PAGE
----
By State Representative, Leon D. Young
Last week, the city of Seattle made big national news.
The city’s nine-member Council voted unanimously to raise the local minimum wage to $15 an hour.
This is more than double the federal minimum, and pushes Seattle to the forefront of urban efforts to address income inequality.
Public opinion polls show that a minimum wage hike has broad support.
In fact, two-thirds of Americans support raising the minimum wage to $10.10, according to a CBS News/New York Times poll conducted in February.
The poll found that 62 percent of independents and 86 percent of Democrats supported such an increase, while 54 percent of Republicans surveyed said they opposed it.
Surprisingly, there now appears to be growing support for raising the minimum wage, granted from some rather unlikely sources.
The 2012 Republican contender for the White House, Mitt Romney, has gone on record as having advocated that “Republicans should hike the minimum wage.”
Romney has voiced similar ideas in the past, saying on the campaign trail in 2012 that he thought the minimum wage should be indexed to inflation so that it automatically rises with inflation.
While other 2012 presidential contenders, former Minnesota Governor Tim Pawlenty and ex-Sen. Rick Santorum of Pennsylvania, have also indicated that they supported a smaller minimum wage increase.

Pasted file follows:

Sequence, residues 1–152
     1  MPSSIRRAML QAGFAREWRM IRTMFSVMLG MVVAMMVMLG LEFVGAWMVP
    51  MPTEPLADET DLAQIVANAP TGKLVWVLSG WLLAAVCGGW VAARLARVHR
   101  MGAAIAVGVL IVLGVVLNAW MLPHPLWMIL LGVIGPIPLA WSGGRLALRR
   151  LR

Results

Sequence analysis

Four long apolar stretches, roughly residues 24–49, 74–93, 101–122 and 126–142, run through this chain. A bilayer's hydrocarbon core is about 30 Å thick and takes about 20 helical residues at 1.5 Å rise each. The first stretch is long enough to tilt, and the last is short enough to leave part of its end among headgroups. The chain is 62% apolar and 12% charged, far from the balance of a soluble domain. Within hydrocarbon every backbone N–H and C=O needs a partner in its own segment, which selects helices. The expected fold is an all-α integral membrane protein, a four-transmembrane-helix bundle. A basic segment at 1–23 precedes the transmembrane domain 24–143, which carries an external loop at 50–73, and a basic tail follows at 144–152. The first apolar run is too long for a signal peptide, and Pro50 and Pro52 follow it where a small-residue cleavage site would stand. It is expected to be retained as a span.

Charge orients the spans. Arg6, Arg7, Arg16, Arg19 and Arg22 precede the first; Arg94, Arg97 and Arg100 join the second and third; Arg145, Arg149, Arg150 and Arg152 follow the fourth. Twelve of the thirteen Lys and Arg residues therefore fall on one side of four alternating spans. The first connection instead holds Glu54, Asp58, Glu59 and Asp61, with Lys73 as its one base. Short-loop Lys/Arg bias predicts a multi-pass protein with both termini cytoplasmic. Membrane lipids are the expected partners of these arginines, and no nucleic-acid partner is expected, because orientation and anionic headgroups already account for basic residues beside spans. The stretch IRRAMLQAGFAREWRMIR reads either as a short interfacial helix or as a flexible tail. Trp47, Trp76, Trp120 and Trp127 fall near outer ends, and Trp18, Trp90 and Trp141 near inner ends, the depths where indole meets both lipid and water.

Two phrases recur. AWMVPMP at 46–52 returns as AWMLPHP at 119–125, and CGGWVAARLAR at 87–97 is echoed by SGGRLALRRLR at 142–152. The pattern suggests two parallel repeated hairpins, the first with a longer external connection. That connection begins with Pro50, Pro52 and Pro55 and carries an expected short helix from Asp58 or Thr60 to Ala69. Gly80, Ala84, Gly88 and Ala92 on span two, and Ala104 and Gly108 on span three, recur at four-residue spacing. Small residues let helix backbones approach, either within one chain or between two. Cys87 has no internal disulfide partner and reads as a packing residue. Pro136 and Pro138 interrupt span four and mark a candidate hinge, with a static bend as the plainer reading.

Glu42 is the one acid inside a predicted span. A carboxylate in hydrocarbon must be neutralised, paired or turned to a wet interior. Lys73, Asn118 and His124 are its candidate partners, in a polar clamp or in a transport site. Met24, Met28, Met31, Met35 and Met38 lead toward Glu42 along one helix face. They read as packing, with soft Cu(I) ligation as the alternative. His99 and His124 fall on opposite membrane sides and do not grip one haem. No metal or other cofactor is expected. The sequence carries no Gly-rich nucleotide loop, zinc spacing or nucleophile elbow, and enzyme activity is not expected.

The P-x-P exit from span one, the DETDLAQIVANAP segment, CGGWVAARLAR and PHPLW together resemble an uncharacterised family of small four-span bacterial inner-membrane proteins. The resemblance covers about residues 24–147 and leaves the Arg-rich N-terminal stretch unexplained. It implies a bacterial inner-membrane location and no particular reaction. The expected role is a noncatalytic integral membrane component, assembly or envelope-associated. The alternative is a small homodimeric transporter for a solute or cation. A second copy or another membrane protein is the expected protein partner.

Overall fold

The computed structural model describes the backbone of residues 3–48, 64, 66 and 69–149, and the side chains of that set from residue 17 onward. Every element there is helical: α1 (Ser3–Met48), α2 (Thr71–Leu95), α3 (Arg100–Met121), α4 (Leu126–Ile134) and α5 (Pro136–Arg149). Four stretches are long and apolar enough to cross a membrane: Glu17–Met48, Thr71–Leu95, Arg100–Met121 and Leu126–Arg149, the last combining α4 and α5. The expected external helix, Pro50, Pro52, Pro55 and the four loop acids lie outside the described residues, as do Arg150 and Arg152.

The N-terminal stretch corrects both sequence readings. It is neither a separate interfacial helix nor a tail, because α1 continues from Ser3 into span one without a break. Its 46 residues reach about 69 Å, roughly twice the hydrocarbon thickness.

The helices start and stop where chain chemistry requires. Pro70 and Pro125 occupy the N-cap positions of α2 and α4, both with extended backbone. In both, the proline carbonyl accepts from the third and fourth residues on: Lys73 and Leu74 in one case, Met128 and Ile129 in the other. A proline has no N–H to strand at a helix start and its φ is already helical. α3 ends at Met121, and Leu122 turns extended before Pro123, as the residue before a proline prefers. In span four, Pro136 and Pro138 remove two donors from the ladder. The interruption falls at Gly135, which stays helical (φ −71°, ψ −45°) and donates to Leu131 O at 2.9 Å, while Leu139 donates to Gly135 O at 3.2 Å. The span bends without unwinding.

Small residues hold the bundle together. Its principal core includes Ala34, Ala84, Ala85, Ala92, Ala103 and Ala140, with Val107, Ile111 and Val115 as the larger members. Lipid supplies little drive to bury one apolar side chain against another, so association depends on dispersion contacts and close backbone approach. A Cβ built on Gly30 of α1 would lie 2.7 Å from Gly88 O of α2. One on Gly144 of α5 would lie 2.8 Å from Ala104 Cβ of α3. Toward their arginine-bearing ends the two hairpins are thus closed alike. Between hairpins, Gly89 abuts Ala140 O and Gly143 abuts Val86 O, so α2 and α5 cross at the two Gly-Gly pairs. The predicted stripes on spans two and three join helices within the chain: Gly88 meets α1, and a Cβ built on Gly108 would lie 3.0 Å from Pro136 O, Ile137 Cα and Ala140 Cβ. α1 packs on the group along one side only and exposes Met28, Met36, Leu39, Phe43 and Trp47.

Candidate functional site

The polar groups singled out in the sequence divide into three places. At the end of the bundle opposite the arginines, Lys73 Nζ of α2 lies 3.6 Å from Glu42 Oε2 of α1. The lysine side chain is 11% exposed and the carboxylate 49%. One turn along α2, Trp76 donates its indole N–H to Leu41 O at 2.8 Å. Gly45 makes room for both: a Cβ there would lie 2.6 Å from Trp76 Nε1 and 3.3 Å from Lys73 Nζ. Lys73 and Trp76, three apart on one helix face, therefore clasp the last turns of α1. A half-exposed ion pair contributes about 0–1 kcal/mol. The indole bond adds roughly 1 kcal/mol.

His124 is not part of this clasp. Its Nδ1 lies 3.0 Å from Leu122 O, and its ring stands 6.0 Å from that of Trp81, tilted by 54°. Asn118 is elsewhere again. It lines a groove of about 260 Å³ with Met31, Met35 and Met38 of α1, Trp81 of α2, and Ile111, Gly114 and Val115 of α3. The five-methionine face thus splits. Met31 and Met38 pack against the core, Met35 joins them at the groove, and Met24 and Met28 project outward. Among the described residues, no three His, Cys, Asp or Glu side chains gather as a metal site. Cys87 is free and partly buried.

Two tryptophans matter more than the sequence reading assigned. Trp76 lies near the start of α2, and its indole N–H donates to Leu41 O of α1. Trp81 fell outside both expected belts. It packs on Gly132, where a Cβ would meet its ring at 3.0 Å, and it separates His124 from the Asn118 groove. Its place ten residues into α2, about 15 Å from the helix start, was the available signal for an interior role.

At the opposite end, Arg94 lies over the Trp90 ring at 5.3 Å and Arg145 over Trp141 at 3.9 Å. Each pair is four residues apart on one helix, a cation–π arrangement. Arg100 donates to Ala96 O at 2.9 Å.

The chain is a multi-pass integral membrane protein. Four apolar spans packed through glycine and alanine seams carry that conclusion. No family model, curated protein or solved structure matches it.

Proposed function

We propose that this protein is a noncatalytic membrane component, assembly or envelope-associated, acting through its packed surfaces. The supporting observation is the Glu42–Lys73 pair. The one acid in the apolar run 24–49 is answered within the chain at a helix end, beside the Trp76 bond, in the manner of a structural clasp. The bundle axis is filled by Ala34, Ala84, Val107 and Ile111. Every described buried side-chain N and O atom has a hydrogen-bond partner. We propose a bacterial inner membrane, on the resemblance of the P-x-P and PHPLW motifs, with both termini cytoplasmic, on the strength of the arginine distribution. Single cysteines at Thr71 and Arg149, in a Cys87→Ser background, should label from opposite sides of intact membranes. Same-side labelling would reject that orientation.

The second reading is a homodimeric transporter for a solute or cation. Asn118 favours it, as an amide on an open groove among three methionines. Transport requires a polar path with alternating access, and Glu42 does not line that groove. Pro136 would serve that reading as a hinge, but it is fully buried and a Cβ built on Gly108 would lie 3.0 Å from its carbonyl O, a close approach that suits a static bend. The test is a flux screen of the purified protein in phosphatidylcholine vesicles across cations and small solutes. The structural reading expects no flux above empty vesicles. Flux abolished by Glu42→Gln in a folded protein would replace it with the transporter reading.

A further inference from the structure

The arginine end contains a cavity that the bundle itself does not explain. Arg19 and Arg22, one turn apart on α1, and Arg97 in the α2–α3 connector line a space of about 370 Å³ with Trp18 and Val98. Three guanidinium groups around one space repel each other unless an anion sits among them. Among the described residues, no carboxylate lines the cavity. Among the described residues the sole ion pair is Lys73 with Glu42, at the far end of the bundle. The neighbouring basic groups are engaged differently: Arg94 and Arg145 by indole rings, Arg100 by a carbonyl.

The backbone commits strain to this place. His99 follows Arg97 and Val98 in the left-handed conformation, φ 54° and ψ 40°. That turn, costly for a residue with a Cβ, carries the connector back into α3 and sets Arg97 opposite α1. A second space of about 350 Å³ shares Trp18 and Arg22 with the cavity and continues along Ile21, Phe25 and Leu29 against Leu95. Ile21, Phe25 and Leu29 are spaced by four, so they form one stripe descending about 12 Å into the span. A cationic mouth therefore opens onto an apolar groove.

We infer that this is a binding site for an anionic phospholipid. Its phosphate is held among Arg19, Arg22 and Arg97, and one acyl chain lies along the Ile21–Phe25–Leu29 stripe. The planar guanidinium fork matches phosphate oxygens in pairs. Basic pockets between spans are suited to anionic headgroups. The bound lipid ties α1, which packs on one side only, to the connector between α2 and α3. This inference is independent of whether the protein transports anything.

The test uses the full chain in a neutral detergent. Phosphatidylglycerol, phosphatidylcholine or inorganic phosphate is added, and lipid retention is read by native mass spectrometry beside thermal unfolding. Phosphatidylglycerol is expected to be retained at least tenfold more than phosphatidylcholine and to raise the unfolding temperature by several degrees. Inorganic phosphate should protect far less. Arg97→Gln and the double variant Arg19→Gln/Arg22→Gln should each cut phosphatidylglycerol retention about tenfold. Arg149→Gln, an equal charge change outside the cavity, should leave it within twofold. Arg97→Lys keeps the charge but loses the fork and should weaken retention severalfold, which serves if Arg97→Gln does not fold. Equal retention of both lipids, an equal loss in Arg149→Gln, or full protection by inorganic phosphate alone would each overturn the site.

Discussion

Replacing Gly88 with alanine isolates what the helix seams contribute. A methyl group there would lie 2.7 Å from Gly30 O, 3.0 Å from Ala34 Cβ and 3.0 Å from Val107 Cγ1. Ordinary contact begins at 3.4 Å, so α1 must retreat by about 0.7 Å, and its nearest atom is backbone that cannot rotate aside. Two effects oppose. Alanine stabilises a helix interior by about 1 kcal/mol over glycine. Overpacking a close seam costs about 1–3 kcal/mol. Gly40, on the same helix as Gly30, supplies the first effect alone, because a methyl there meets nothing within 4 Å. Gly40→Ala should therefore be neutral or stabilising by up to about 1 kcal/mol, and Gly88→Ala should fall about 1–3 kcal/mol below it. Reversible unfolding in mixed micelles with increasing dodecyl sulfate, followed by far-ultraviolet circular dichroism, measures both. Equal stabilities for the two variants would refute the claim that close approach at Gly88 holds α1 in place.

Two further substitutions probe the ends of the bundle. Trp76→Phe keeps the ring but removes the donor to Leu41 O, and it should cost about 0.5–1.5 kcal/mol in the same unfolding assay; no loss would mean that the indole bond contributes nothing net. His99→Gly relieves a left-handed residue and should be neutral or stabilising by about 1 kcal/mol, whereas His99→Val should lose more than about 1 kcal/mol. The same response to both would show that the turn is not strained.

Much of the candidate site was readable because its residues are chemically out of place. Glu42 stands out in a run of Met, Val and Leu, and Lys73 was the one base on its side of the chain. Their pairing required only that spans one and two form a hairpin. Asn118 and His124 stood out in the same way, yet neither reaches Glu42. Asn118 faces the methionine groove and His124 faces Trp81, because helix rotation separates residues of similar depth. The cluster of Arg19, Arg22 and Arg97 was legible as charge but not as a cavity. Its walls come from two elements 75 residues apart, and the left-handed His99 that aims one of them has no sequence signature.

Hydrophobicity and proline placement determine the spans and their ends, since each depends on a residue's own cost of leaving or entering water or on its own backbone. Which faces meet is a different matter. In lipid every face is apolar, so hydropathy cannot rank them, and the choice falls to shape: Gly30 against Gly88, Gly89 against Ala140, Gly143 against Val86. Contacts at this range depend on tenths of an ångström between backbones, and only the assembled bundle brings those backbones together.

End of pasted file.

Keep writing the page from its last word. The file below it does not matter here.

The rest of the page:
Romney, Santorum and Pawlenty say that by refusing to publicly advocate a minimum wage increase, congressional Republicans are ceding the national dialogue to Democrats on an issue that consistently draws majority support in polls.
Minimum wage employers, like McDonald’s and Walmart, have long contended that raising the minimum wage would “absolutely” kill jobs and hurt businesses.
There is little evidence, however, that raising the minimum wage kills jobs.
Many studies have shown that raising the wage doesn’t have a negative impact on job growth.
In fact, it can actually help businesses by raising productivity, lowering turnover, and increasing demand for products from workers with more money in their pockets.
An analysis of state minimum wage increases found that those with a raise had above average job growth.
There are also real-life examples of companies that manage to pay higher wages and stay in business.
In the fast food sector, the In-N-Out burger chain starts employees at $10.50 an hour. At Dicks Drive-In in Seattle, workers start at $10 per hour. Moo Cluck Moo, a burger chain in Detroit, pays $12 an hour.
In retail, Walmart competitor Costco pays $21.96 an hour on average, while Idaho-based WinCo pays more than $11 an hour with good benefits while beating Walmart prices.
In truth, every time the minimum wage is raised the economy does better universally.
As I have said on more than one occasion, raising the minimum wage is a “no-brainer.”
Municipalities and states around the country should follow Seattle’s lead.
Truth be told, if the minimum wage had tracked workers’ rising productivity, the current minimum wage would be closer to $22 an hour.